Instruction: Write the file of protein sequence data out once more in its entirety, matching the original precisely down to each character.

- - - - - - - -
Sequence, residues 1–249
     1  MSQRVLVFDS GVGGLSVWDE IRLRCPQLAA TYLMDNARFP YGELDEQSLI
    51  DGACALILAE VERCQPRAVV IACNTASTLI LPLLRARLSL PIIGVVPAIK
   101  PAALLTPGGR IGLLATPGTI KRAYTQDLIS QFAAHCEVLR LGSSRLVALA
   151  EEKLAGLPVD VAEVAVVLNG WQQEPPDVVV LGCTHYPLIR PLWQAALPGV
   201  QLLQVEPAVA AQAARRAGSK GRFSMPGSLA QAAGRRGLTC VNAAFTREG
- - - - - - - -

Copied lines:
Sequence, residues 1–249
     1  MSQRVLVFDS GVGGLSVWDE IRLRCPQLAA TYLMDNARFP YGELDEQSLI
    51  DGACALILAE VERCQPRAVV IACNTASTLI LPLLRARLSL PIIGVVPAIK
   101  PAALLTPGGR IGLLATPGTI KRAYTQDLIS QFAAHCEVLR LGSSRLVALA
   151  EEKLAGLPVD VAEVAVVLNG WQQEPPDVVV LGCTHYPLIR PLWQAALPGV
   201  QLLQVEPAVA AQAARRAGSK GRFSMPGSLA QAAGRRGLTC VNAAFTREG